Another difficulty which arises is the fact that his cartoon strip is carried abroad. What may be very humorous here is not always so in foreign lands….

…Besides “The Flop Family” strip which keeps him very busy, Mr. Swanson rounds out his activities as a member of the National Cartoonist Society and the Banshees, an honorary, invitation-only organization.

Mr. Swanson names his wife as his severest critic. “If she says a joke is good, I think she’s clever. If she doesn’t think it is good, well, we just don’t speak for a week.” The Swansons are currently on speaking terms.

[George O. Swanson was born in Chicago, Illinois on August 16, 1897, according to the 1900 U.S. Federal Census and the Social Security Death Index. He was the second of three children born to Nils and Hannah, both Swedish emigrants. They lived in Chicago, Illinois at 1342 North Artesian Avenue. His father was a carpenter. In 1910 the family of six lived in Chicago at 17 East 112 Place. He signed his World War I draft card on August 24, 1918. At the time he lived at 41 West 111 Place in Chicago. He worked for the Pullman Company. His description was medium height, slender build with gray eyes and light brown hair.

The 1920 census recorded Swanson, his mother and youngest sister in Chicago at 417 West 111 Place. His occupation was recorded as bookkeeper. The date of his move to Ohio is not known. In 1930 he lived in Lakewood, Ohio at 11727 Lake Avenue. He married Victorine, around 1923, and worked as an artist for a newspaper syndicate. His mother-in-law lived with them.

Swanson passed away in December 1981, in Bronxville, New York, according to the Social Security Death Index.]

News of Yore 1914: Winsor McCay Screens Gertie the Dinosaur Cartoon to Fellow Cartoonists


“High Jinks” at Beefsteak Aid Atmosphere Somewhat Jarred After Refreshments by Some of Winsor
McCay’s Antediluvian Creations.
(New York Tribune, 2/23/14)

If Winsor McCay, the prominent vaudeville acrobat, hadn’t announced at the newspaper illustrators’ dinner yesterday morning that he was about to Introduce his latest freak, the dinosaurus, and if Arthur Hammerstein, the Broadway Adonis, hadn’t walked in just at that moment, surrounded by perfume and ten little “High Jinks” girls, one illustrators’ party would have gone down in history as having been held without police interference.

As it was, the sound of the applause reach the ears of the ever alert town constables, Luke Geeghan and Henry Rausch, who keep the peace o’ nights in Columbus Circle, and they just had to lope over to Reisenweber’s to find out what it was all about.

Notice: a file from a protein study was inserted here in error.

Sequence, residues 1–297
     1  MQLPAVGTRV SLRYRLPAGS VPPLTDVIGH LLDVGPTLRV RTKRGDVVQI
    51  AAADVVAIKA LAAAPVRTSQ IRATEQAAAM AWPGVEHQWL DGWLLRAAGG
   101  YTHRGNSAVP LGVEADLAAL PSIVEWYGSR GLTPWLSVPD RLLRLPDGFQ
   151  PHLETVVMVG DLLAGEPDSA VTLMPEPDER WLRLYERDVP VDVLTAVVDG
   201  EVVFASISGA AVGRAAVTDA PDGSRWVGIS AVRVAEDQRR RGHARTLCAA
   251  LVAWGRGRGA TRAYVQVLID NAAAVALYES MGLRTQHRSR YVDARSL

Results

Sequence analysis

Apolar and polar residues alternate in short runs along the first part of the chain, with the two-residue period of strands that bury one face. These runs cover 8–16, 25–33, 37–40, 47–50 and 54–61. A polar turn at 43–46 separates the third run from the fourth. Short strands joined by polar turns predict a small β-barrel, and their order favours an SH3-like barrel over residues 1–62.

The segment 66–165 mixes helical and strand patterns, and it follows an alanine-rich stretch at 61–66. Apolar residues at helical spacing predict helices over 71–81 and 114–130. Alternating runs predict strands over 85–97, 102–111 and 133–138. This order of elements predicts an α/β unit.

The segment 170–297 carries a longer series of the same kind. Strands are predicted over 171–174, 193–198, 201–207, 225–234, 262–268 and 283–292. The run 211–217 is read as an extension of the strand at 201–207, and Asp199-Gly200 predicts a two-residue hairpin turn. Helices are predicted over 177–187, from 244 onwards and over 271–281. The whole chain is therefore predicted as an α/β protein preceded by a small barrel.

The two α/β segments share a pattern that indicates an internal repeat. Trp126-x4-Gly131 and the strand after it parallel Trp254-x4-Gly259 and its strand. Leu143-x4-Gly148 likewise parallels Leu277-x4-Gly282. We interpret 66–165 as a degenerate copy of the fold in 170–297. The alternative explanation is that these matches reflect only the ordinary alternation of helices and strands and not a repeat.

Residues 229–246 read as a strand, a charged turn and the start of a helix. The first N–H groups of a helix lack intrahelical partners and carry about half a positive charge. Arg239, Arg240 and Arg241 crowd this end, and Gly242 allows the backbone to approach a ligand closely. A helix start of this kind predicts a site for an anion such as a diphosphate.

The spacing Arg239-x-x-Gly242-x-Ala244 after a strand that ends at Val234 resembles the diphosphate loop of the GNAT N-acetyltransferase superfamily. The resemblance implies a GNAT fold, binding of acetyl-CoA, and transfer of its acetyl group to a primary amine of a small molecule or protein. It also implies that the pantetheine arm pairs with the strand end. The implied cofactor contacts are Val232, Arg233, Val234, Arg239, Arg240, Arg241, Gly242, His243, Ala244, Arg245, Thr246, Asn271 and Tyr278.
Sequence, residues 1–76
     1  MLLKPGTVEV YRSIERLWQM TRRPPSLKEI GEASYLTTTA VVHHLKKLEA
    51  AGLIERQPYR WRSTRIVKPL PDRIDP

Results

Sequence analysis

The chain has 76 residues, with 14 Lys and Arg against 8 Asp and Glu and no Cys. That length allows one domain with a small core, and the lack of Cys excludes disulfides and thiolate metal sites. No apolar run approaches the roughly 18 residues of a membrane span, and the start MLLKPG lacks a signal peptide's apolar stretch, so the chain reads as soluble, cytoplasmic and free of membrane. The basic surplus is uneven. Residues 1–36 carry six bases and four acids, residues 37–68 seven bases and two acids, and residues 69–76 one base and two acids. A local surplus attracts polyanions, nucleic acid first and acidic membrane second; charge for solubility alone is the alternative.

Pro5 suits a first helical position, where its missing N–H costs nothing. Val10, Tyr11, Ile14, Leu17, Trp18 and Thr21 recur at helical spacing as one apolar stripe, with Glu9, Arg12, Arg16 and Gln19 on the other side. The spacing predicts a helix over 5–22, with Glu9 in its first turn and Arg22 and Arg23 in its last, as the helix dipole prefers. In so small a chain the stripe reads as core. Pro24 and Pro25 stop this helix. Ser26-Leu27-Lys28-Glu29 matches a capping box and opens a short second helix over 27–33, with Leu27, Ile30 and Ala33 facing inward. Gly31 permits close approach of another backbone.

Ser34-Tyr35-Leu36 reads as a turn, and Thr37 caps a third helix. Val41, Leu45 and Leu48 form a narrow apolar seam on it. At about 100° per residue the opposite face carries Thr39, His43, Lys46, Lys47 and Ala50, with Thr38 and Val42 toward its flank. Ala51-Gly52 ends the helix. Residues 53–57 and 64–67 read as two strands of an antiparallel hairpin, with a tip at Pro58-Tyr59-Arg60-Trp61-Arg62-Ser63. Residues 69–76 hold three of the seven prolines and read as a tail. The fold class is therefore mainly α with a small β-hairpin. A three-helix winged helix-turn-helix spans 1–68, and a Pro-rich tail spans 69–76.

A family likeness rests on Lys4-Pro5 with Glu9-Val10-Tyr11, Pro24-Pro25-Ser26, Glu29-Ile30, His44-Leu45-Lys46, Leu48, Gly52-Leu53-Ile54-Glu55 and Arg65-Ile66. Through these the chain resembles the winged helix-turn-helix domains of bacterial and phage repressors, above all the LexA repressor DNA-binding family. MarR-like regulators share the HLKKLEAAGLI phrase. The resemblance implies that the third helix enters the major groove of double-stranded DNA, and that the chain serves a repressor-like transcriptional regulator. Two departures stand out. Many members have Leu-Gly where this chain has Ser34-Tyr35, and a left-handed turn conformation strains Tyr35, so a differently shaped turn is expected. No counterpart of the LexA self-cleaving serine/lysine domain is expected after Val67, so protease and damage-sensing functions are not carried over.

They were immediately placated, however, for Clive Weed, who is well known to the police, and Clare Briggs, who is rapidly becoming acquainted in the effete East, were determined that nothing should prevent the dinner from being what Mr. Hammerstein calls a “Chief Doover,” and nothing did. The two officers got what they came for and departed some time after, chanting a song that Briggs picked up in the Latin Quarter of Chicago. Outside of a few minor details like the above and the fact that there was little white space in the dining room, the dinner was a huge success.

Everything that could be done was done. Beefsteak was strewn about the floor in neat mosaics; Mrs. “Bud” Fisher threw herself into the spirit of things and taught Arthur Hammerstein the “Artists’ Amble”; “Hal” Coffman wrote his autograph on everybody’s hat; little Miss Barnett defied her manager and said that she would dance with.any fellow she liked after working hours, and the waiters were well dressed.

When everybody had met everybody else, and when the “High Jinks” ladies had become used to the artistic atmosphere, some one—it couldn’t have been a press agent—began showing moving pictures of Winsor McCay’s latest creation. He, being a shy fellow, only prefaced the views with a speech of about an hour’s length, but the pictures were good, even with that handicap. Even a moving picture critic from “The Mount Vernon Bee” admitted this fact. He said this, says he, not because he was a friend of Mr. Hammerstein, who is going to put them on in vaudeville, but because he couldn’t witness an artistic piece of work and withhold due praise. After the artistic pictures there were some regular moving pictures, but nobody looked at them at all. Someone attacked the piano and some one else cleared the beefsteak from the floor, so that those who were awake could dance.

Contributors to Illustration: (top left to bottom right): Percy Crosby, Walter Hoban, Cliff Sterrett, Clare Briggs, Oscar Cesare, Winsor McCay, Frank Fogarty, Clive Weed, Vic Forsythe, Lou Hanlon, Darata?, A. Weil, Cesare again, Reginald G. Russom, Frank Moser.

Thanks to Alex Jay for discovering this article!

News of Yore: Luther D. Bradley

Photo from Cartoons by Bradley

Entry in The Book of Chicagoans (1911)